Croham Hurst School

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Croham Hurst School
Motto Finis Coronat Opus
(Latin for The End Crowns The Work)
Established 1899
Closed 2008
Type Independent school
(now closed)
Founder Kathleen Ellis, Theodora Clark
Location Croham Road
Croydon
London/Surrey
CR2 7YN
EnglandEngland
Local authority Croydon Council
Gender Girls
Ages 3–18
Houses Balmoral, Caernarvon, Holyrood, Windsor
Colours

Navy blue and Cornflower blue     

    
Former pupils Old Crohamians
Affiliation Girls' Schools Association
Website www.crohamhurst.com

Croham Hurst School was a day independent school for junior and senior girls located in South Croydon, England. It was established in 1899, and closed in 2008 when it was absorbed into Old Palace School, Croydon.

History[edit]

The school was established by Kathleen Ellis in 1899. The second founder, Theodora Clark (of the Clarks shoe manufacturing family) joined Miss Ellis in 1901.

During the Second World War, the school was evacuated to Bridge House, Somerset - where the staff and girls enjoyed the countryside to such an extent that when the Croydon site reopened in 1942 they didn't want to return. However, in 1945 the two schools were reunited on the Croydon site.

Shortly afterwards a Junior School was established, later known as The Limes.

Premises[edit]

The principal building of the site (known as the "Main Building") was first occupied in 1907. It housed the Headmistress's office, the Small Hall, various form rooms, and two libraries – the Sixth Form Library, and another dedicated to Elizabeth Wagstaff (a sibling of a former pupil, who lost her life in the Second World War). The Small Hall contained memorials of the school's history, including lists of Headmistresses and Head Girls, a plaque commemorating Kathleen Ellis and Theodora Clark, and a stained-glass window of St. Ursula (created by a former pupil and given to the school in 1948). Rising up the hill from the Main Building was the Garden Wing, built in 1973, which housed an English Room, a Drama Room and a room for Mathematics (two of which were also form rooms). To the left of the Garden Wing was the room for Religious Studies (also a form room); and next to it a path (the "Covered Way") up the hill to the Main Assembly Hall, and later to the Centenary Centre for Design and Technology (constructed to celebrate the School's centenary). To the left of this building were the Science Blocks, mainly constructed in 1969; and beyond them the Doreen Seward Centre, including a Music Room and Gymnasium. To the left of the Doreen Seward Centre was the Sixth Form Centre, originally a house, which was bought in 1957. (It then acquired the name of "The Vineyard", after the parable in the Bible in which Ahab desires Naboth's Vineyard to such an extent that his wife, Jezebel, kills the owner to obtain it – although the school did not go to quite these lengths.) Outside this building was a playing field.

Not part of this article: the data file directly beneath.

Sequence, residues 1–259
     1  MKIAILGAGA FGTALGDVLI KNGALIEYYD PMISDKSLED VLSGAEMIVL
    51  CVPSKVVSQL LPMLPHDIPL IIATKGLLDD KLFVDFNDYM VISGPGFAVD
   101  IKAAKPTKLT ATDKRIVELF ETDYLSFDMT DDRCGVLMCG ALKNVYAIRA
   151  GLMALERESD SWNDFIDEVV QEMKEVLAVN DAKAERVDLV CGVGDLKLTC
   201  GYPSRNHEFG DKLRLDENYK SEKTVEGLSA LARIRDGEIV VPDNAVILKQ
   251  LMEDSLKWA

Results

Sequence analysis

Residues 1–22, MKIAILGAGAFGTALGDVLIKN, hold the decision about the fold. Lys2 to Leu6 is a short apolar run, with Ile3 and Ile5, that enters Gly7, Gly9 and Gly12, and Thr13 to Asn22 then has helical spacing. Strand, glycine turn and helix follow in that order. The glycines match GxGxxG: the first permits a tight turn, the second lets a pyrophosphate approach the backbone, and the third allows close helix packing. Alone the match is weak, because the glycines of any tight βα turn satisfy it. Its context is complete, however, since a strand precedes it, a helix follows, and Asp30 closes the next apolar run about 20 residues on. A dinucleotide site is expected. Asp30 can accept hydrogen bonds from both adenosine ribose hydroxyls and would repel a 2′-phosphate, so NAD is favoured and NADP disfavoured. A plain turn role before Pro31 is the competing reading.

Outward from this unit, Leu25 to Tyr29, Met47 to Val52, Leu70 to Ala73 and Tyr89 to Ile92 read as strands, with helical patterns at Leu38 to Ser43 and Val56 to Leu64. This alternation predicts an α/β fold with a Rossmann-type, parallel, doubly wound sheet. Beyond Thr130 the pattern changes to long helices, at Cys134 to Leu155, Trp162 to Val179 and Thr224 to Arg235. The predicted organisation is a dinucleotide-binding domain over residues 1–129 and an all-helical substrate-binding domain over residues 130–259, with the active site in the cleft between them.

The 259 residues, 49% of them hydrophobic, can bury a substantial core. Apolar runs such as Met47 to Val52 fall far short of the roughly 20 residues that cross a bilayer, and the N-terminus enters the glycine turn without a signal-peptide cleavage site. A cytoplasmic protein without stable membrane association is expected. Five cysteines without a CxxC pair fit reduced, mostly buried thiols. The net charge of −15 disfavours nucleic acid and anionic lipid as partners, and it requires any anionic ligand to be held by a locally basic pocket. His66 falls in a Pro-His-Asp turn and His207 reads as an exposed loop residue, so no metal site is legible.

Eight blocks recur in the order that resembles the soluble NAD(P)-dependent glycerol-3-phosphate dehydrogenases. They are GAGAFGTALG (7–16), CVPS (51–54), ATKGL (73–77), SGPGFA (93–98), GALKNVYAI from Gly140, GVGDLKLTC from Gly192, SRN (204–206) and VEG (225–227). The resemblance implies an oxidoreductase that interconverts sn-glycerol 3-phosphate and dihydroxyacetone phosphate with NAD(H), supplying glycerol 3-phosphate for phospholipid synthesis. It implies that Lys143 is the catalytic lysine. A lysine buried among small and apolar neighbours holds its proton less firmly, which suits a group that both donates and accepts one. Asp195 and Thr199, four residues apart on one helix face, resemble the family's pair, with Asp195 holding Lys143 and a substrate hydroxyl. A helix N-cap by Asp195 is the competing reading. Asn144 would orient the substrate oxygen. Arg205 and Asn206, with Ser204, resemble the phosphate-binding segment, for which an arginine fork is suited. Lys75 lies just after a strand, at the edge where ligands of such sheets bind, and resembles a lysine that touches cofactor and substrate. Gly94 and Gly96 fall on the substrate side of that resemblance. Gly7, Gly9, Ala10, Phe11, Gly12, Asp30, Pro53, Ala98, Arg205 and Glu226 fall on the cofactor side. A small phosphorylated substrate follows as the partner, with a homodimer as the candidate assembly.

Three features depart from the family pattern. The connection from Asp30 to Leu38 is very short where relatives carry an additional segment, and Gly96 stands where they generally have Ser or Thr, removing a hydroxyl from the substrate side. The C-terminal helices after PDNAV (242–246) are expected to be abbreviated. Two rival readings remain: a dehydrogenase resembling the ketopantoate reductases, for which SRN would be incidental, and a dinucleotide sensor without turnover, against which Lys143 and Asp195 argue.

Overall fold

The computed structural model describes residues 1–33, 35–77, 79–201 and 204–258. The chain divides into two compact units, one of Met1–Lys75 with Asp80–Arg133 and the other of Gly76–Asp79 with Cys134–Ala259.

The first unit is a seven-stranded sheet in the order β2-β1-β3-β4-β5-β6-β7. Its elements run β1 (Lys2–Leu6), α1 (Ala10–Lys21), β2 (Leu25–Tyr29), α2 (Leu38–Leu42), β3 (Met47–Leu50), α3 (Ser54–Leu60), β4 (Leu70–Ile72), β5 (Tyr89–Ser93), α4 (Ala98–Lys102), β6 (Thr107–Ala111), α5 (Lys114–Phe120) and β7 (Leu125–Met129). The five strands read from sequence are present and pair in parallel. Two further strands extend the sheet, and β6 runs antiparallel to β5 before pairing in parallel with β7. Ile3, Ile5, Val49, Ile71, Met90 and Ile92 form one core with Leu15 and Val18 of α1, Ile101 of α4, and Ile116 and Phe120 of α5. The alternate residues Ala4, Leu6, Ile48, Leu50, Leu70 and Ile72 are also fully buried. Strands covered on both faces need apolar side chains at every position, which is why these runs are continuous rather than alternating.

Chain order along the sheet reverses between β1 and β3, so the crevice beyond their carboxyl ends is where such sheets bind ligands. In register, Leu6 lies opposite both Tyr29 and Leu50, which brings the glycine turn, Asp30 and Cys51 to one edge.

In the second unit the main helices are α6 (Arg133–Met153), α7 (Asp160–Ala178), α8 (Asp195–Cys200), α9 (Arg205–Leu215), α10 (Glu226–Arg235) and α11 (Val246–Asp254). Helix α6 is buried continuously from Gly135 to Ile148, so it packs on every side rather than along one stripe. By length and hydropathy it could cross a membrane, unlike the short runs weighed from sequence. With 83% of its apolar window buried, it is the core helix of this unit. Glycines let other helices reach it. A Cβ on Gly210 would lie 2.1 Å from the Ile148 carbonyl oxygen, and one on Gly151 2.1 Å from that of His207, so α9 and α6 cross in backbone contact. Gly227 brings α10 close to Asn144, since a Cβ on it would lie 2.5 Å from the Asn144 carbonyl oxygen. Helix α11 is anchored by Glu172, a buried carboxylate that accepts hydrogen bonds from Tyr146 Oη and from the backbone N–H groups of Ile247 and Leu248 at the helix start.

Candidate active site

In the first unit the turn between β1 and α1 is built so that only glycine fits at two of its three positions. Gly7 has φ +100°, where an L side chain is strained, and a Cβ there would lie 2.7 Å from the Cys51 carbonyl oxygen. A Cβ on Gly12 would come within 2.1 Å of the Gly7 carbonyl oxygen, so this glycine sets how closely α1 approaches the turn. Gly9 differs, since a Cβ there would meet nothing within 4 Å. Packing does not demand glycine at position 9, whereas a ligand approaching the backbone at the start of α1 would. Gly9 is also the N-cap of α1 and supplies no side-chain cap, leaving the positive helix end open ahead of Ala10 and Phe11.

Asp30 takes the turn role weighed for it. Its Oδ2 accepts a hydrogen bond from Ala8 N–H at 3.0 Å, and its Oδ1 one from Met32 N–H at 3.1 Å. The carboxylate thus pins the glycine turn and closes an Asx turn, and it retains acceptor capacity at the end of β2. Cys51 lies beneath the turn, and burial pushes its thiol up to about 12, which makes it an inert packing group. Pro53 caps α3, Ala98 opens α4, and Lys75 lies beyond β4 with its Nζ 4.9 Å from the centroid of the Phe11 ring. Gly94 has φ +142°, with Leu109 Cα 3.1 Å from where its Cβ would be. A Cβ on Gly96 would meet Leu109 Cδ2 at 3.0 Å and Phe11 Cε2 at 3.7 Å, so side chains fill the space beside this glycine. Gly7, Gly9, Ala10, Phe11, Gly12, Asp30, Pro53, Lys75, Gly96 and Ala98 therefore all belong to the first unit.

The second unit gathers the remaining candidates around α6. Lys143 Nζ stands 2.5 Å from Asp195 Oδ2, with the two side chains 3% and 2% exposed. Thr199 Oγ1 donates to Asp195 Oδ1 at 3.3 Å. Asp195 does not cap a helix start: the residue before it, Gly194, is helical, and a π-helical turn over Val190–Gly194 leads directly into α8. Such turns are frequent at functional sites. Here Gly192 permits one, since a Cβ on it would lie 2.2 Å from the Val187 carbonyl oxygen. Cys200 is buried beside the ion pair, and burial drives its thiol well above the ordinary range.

Academic reputation[edit]

The most successful departments to exist in Croham Hurst were the Music, History and Classics departments.[citation needed].

In 2007 23 Croham Hurst girls sat A Level examinations and all attained grades A-E, 58% of these grades were A or B. In the same year 96% of the 51 Year 11 girls achieved 5 or more A*-C grades at GCSE, including English and Mathematics[citation needed].

List of Headmistresses[edit]

  • Miss Kathleen Ellis, 1899–1921
  • Miss Theodora Clark, 1921–1927
  • Miss Berta Humphrey (later Mrs Berta Bywater), 1927–1951
  • Miss Florence Ross, 1951–1952
  • Miss Stella Wickham (later Mrs Stella Chamberlain), 1952–1959
  • Miss Molly Ayre, 1959–1970
  • Miss Doreen Seaward, 1970–1986
  • Miss Joan Shelmerdine, 1986–1994
  • Miss Sue Budgen, 1994–2005
  • Mrs Jane Abbotts, 2005–2008

Absorption into Old Palace School[edit]

In September 2007 it was announced that the Whitgift Foundation would be taking over the school from September 2008, and that it was to merge with Old Palace School.[1] From that date, the senior girls and their staff moved to Old Palace School. The senior school at Croham Hurst became the junior school of Old Palace; and The Limes became a nursery. The Main Building of the school has since been refurbished.

Notable former pupils[edit]

References[edit]

  1. ^ "Croham Hurst School Governors' Report and Accounts Year Ended 31 August 2007". "Since 1 September 2007, the business relationship with the Whitgift Foundation has progressed. Plans for the merger of Old Palace School of John Whitgift (a Foundation school) and Croham Hurst have been proposed and become the subject of a consultation exercise with parents and staff. The consultation completed, the Foundation has since confirmed the merger of the two schools and the integration of Croham Hurst into the Foundation, to take place on 1 September 2008. At that date the assets and liabilities of Croham Hurst will be transferred. It is planned that Croham Hurst will become the site of the Junior School for the merged school, whilst Old Palace School will house the Senior girls." 
  2. ^ "Ellinor Hinks - Obituary". The Guardian. 17 February 2004. "Hinks was educated at Croham Hurst school, Croydon, where she became head girl. During her 90th birthday celebration, she noted that it was there that her originality and independence of mind were fostered, and she acquired her lifelong sense of responsibility for her own destiny."